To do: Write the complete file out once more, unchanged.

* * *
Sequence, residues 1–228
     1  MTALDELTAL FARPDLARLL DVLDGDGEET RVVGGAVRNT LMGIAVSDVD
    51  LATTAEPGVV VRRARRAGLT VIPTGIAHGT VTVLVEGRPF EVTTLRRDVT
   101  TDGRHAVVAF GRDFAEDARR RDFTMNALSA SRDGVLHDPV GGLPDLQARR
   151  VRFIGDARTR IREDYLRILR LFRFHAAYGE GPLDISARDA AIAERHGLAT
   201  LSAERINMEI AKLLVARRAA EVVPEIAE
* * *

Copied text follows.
Sequence, residues 1–228
     1  MTALDELTAL FARPDLARLL DVLDGDGEET RVVGGAVRNT LMGIAVSDVD
    51  LATTAEPGVV VRRARRAGLT VIPTGIAHGT VTVLVEGRPF EVTTLRRDVT
   101  TDGRHAVVAF GRDFAEDARR RDFTMNALSA SRDGVLHDPV GGLPDLQARR
   151  VRFIGDARTR IREDYLRILR LFRFHAAYGE GPLDISARDA AIAERHGLAT
   201  LSAERINMEI AKLLVARRAA EVVPEIAE